The Economics of Buybacks

Sometimes, giving money back through dividends or buybacks is the best possible course.

Why are dividend yields so low despite record corporate profits? You need look no further than "share buybacks" -- stock repurchased by the very firms that issued it. Last year,companies in Standard Poor's 500-stock index repurchased a startling $349 billion worth of their own shares, or 70% more than they paid out as cash dividends. So the question is whether this is a good thing for investors in these companies.

Generating value

In a nutshell, yes. Let's review how companies can use their earnings. The first is to pay cash dividends, the time-honored method of sharing profits with the owners. The second is to reinvest the cash in the company, in hopes of generating greater profits. The third is to use the cash to buy back shares.

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Buybacks benefit shareholders by boosting per-share earnings. To compute earnings per share you use the number of shares outstanding, excluding shares repurchased. Because stock repurchases reduce the shares outstanding, per-share earnings can rise even if total profits remain unchanged. If profits do rise, per-share earnings go up even more.

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Which of these ways of creating value is best for shareholders? Cash dividends generally are at the top of the list. They're money in your pocket. Repurchases have one advantage over dividends: Capital gains created when shares are bought back are not taxed until you realize those gains. Because long-term capital gains and dividends are now taxed at the same 15% maximum rate, the deferral of capital gains gives buybacks a slight tax advantage.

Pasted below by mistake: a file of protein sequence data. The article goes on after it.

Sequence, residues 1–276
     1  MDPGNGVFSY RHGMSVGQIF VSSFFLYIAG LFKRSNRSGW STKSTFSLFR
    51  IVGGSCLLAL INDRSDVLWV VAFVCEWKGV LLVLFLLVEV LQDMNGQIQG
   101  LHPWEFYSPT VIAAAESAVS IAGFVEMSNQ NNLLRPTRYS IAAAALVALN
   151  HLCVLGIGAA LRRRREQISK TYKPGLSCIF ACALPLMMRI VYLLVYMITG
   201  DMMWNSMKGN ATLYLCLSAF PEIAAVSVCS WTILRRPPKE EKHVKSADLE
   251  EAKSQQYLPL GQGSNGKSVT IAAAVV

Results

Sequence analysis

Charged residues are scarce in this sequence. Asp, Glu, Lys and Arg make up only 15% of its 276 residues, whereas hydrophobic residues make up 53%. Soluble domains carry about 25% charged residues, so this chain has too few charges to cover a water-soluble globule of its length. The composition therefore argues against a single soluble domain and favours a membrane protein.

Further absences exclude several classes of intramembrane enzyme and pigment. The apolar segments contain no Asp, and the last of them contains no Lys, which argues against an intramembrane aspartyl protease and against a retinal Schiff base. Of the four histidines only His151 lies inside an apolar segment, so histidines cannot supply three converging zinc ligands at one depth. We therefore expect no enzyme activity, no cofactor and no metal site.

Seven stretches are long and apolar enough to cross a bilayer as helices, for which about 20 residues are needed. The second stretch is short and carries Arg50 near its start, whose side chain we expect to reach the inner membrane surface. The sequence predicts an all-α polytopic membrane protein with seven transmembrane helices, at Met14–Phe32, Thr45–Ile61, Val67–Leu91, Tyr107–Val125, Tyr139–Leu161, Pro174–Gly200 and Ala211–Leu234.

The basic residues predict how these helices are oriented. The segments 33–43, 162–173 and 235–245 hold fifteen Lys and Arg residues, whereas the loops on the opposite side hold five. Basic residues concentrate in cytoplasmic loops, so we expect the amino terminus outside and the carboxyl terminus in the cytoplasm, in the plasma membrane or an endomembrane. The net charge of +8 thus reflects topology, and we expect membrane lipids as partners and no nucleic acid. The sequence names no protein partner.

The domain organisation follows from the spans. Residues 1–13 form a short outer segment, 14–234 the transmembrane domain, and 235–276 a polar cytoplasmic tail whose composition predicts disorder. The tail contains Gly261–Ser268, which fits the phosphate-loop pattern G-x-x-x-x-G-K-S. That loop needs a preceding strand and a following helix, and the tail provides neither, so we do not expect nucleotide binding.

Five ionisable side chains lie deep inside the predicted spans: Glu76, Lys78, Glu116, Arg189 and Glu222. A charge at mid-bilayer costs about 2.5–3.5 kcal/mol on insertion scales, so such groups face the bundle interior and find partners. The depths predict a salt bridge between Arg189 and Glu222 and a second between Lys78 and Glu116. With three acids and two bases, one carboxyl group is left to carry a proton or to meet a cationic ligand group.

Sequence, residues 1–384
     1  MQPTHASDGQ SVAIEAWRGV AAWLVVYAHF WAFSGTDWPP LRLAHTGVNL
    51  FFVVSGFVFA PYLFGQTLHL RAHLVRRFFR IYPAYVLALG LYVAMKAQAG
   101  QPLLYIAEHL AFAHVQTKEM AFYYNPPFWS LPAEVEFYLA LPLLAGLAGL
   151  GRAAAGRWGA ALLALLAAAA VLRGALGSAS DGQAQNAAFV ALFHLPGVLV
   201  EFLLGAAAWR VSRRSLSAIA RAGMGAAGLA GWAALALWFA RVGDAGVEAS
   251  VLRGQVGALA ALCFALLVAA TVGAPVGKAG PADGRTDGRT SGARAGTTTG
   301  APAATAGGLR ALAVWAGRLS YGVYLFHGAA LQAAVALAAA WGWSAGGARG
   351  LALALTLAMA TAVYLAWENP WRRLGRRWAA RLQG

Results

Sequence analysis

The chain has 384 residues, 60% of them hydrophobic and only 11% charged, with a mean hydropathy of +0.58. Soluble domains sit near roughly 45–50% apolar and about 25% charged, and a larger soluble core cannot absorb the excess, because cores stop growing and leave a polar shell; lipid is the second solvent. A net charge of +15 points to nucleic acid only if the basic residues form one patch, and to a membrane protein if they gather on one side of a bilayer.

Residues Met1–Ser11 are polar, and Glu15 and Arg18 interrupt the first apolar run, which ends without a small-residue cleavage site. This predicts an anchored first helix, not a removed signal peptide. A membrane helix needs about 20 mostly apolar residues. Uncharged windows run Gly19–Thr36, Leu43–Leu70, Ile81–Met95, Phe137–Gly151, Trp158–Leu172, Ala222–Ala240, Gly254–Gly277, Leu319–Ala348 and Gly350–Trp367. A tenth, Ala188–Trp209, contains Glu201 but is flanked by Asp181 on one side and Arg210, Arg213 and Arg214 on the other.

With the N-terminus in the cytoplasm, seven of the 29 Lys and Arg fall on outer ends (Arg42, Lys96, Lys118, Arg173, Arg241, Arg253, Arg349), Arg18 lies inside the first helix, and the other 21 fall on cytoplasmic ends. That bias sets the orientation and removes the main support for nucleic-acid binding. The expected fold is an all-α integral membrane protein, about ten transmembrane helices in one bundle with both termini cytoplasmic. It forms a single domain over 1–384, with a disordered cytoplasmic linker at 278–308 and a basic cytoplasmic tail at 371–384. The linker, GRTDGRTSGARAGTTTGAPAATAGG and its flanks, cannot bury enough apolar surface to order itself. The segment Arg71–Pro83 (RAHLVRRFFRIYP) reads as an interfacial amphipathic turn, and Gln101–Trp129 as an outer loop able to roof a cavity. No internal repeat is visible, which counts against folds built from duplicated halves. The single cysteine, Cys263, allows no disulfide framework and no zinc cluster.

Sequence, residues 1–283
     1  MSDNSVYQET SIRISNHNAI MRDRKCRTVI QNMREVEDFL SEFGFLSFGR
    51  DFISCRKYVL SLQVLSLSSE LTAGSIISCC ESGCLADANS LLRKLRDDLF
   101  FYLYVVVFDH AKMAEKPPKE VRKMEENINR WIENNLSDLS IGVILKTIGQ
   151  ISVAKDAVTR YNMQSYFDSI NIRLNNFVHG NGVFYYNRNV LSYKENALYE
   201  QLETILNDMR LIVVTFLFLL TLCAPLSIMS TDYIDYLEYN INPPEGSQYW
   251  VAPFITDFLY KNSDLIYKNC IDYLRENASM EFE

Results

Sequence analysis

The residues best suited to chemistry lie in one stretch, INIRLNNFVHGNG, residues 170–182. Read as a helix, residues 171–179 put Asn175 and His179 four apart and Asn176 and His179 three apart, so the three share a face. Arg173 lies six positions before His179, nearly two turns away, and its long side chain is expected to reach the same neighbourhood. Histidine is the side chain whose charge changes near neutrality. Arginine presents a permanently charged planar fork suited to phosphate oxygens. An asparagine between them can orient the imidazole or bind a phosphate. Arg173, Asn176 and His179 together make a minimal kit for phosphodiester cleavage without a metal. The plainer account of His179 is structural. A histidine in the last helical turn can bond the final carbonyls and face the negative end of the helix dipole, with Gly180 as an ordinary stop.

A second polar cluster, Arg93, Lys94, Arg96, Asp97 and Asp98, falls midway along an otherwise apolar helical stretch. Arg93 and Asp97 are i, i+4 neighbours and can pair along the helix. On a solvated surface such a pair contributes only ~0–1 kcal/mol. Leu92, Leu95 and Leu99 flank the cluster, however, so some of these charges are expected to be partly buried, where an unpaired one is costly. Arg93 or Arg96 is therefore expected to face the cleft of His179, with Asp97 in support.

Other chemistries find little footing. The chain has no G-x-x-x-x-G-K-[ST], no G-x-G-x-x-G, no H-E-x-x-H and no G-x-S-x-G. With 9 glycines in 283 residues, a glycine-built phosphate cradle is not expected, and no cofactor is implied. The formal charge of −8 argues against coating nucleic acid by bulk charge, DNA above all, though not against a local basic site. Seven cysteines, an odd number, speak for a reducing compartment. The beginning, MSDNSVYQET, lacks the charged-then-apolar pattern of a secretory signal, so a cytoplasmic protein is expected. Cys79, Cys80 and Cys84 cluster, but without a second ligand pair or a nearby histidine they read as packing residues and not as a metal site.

But stock buybacks, unlike dividends, do not require the same level of commitment from management to return profits to shareholders. If a firm cuts its dividend, the stock price plunges because this signals a long-term deterioration in the firm's ability to generate profits. In contrast, firms often fail to follow through with planned share repurchases. So investors do not attach nearly the same importance to management's reneging on its share buybacks as they do to a cut in the dividend.

Despite the advantages of dividends and buybacks, many argue that a return of profits to investors is a sign that the company has nothing better to do with its money. They'd rather see earnings used to generate even greater future profits. But realistically, that isn't always possible. Sometimes, giving money back through dividends or buybacks is the best possible course. The past decade was filled with sad tales of firms that squandered profits to purchase overvalued companies, seeking synergies that never materialized, or expanding into markets where they had no special advantage.

In fact, following up on a study by Morgan Stanley, I investigated the relationship between a firm's capital spending and investor return by sorting the companies in the SP 500 by the size of their capital outlays relative to sales.

The results put to rest claims that capital spending is the foundation of good stock returns. The returns to investors from those firms with the lowest ratio of capital expenditures to sales outperformed those with the highest ratios by more than five percentage points per year.

I am not saying that all companies that use their profits to finance growth are harming their shareholders. But often management is afflicted with the same temptation as we ordinary individuals: When you have cash, you spend it.

Get to like it

So don't avoid companies that actively repurchase their shares. The surge in stock buybacks represents a more disciplined use of profits than in the profligate 1990s and boosts per-share earnings and stock prices. It may be better for management to pay cash dividends, but shareholders benefit when profits are returned in either form.

Columnist Jeremy J. Siegel is a professor at the University of Pennsylvania's Wharton School and author of Stocks for the Long Run and The Future for Investors.

Jeremy J. Siegel
Contributing Columnist, Kiplinger's Personal Finance
Siegel is a professor at the University of Pennsylvania's Wharton School and the author of "Stocks For The Long Run" and "The Future For Investors."